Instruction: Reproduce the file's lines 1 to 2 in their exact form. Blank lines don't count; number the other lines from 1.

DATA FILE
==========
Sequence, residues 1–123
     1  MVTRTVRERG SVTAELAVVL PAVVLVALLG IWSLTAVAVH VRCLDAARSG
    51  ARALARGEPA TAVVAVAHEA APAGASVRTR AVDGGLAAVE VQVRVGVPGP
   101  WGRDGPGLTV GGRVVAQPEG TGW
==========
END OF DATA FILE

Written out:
Sequence, residues 1–123
     1  MVTRTVRERG SVTAELAVVL PAVVLVALLG IWSLTAVAVH VRCLDAARSG